Even when a tournament is run perfectly, the lack of a centralized Dota 2 competition schedule means that sometimes the top teams in the world will be competing in overlapping grand finals. This weekend, while Puppey and Secret were taking on China’s Invictus Gaming in San Francisco for the Battlegrounds crown, Vici Gaming and Team Empire were contesting the Dota 2 Champions League title over in Berlin. That may seem like a boon for fans until you realize that having all four teams competing in both contests might have made for an even more exciting time.

Valve has held true to its laissez-faire principles, but, much as with Google’s experience with Android, it’s finally felt the need to rein in the fragmentation of its self-organizing competitive scene. In April, the company announced plans for a new series of Dota Major Championships, which are intended to establish a set of minimum standards for Dota 2 tournaments. They’ll add three more marquee tournaments, alongside The International, to the yearly list of Valve-endorsed events, and "teams that participate in these events will be required to adhere to limited roster trade periods during the year." Puppey likes the initiative already, saying it’s good to have an annual process, more rigorous structure, and a consistent calendar that gives people something to look forward to outside of TI.

This intervention appears overdue, but its effect remains uncertain. LD worries that the Majors will be damaging to smaller-scale independent competitions, which will likely struggle to attract the top teams. Amid the chaos of the current scene, there’s still a strong feeling of connection between amateur and professional players, and some of that may be lost if the pros decide that only Majors will be worth their time. The tension between keeping the game and its players accessible and, at the same time, satisfying their requirements seems like a chronic issue that won’t be resolved any time soon.

"Valve does not want to be the nanny."

The one thing we’ll never see, according to LD, is Valve adopting a system like that of League of Legends, where Riot Games pays salaries to the players and runs a year-round schedule of LAN tournaments. "Valve does not want to be the nanny," he says, "they believe much more in the free market." E-sports journalist Rod Breslau tells me that the League system has been hugely successful, as evidenced by the fact that "LoL gets the most viewership — especially in the US and Canada — the most comments, the most fan interaction, etc." and it has a much bigger army of players than Dota 2. But it’s just not the Valve way. Valve’s entire business philosophy is about being hands-off and unstructured, and the action it’s taking now is a very cagey effort to just even out the spikes in its ECG. Dota 2 won’t ever have the regular rhythm of League of Legends, and that’s pretty much by design.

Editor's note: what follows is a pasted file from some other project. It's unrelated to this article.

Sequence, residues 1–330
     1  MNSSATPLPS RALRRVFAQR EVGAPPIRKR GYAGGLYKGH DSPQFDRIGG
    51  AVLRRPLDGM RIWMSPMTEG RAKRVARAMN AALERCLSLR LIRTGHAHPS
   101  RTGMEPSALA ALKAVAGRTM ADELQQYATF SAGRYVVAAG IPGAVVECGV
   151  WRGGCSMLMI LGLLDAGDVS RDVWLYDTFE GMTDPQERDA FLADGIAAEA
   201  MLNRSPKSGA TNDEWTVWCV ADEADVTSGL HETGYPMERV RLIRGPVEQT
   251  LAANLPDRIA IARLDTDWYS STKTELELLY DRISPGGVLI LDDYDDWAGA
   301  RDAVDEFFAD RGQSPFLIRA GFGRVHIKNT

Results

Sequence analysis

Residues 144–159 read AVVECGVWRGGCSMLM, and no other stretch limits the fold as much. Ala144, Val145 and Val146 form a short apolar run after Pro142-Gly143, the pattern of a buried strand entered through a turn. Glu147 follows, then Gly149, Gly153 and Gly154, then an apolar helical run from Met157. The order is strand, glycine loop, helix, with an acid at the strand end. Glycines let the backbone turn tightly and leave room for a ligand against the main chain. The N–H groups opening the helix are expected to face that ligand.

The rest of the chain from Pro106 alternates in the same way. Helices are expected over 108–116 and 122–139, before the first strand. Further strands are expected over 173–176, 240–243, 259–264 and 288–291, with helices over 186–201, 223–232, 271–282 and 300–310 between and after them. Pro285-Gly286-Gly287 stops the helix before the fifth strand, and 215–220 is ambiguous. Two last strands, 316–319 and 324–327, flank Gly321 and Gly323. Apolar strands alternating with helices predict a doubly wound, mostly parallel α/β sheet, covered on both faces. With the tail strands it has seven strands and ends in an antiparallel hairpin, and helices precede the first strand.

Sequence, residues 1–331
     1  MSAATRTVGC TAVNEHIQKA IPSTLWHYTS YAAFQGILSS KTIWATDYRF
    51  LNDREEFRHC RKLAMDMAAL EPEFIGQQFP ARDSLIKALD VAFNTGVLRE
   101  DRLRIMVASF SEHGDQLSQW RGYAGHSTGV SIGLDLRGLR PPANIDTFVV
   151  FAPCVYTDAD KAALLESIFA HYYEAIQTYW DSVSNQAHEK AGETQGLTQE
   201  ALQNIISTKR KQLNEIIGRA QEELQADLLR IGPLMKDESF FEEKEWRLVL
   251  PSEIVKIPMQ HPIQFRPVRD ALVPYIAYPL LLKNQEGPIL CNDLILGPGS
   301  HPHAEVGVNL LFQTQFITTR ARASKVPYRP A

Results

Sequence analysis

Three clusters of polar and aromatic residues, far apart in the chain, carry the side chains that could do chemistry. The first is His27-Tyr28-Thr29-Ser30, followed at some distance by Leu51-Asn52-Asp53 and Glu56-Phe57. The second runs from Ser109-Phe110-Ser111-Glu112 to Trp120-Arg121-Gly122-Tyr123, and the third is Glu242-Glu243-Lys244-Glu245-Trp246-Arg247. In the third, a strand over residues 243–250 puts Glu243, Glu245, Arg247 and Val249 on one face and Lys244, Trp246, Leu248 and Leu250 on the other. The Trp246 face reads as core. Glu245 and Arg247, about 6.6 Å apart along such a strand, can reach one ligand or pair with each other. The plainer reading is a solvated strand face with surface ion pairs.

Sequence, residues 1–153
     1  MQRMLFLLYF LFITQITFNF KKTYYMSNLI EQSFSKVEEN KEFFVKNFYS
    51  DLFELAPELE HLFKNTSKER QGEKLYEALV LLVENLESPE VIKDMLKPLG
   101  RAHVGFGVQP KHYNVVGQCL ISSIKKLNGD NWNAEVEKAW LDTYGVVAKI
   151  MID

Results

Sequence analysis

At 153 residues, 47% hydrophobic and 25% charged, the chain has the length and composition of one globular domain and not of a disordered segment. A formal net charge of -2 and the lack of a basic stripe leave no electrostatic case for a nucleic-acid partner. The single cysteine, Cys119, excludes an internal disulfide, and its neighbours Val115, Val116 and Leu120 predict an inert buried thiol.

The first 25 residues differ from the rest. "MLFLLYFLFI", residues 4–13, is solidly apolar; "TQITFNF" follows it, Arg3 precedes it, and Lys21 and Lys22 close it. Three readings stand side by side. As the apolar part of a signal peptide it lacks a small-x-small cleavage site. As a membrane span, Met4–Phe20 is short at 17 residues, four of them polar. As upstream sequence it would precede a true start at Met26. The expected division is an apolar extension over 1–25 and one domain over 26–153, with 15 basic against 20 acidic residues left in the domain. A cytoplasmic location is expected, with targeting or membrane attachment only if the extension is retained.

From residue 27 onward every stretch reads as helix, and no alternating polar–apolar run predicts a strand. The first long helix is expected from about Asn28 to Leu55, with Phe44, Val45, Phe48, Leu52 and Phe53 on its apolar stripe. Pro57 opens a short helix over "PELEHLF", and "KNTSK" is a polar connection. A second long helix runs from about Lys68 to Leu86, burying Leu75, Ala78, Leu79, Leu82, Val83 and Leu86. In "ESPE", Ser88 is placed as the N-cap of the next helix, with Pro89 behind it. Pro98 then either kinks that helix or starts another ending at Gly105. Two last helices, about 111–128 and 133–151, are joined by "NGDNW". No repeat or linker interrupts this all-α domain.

Dota 2 has grown into a unique online gaming phenomenon by turning a narcotically addictive five-on-five battle game into a lucrative spectator sport. The money earned during last year’s TI dwarfed anything else that e-sports had previously achieved, with the winning Team Newbee collecting a $5 million prize. Yes, League of Legends has a similar format and a lot more players, but it doesn’t have that crazy spike in its annual calendar of events that Dota has. Valve’s game is sick, in both the positive and negative senses of the word.

Valve is also unmatched in the way it raises the funds fueling The International’s popular notoriety. Remember, Dota 2 is entirely free to play and compete in, and yet it’s somehow producing eight-figure prize funds. The key to this is fan engagement, as Valve sells a $10 Compendium of in-game loot and cosmetics to raise most of the prize pool for The International. In the beginning, Valve’s own contribution of $1.6 million made up the lion’s share of prizes, but its proportion of the total has shrunken dramatically as the number of Dota players and their willingness to support the game have increased. A quarter of the money spent on Compendiums goes directly into the TI prize fund, which for last year’s $11 million International meant Valve had to receive over $40 million in purchases of Compendiums and related loot. Valve’s ability to galvanize (or, to put it more bluntly, monetize) its user base is remarkable, and it’s at least partly down to the sense of ownership that the company bestows to its players by being as hands-off as it is.

Dota 2 is a game beloved by many despite, and perhaps partially because, of its chaotic nature. Valve has acknowledged a responsibility to do more to ensure consistency for the game’s competitive scene, but it will have to strike a tricky balance between its present hands-off approach and the unfamiliar need for top-down regulation. In an ideal world, events like Red Bull Battlegrounds would be the norm rather than the exception, but as fantastic as Dota may be, it’s played in our flawed and messy universe — and that’s where Valve needs to step in and make things better.